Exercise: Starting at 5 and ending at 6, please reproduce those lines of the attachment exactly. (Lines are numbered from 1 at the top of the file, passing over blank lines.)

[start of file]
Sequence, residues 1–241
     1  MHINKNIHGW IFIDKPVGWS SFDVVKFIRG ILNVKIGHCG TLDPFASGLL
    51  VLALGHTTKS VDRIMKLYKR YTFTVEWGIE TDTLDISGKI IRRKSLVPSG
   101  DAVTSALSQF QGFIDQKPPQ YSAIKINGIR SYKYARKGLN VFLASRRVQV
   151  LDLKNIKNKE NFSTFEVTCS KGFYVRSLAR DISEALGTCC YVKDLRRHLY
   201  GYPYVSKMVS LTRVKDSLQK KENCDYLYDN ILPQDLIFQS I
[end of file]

   151  LDLKNIKNKE NFSTFEVTCS KGFYVRSLAR DISEALGTCC YVKDLRRHLY
   201  GYPYVSKMVS LTRVKDSLQK KENCDYLYDN ILPQDLIFQS I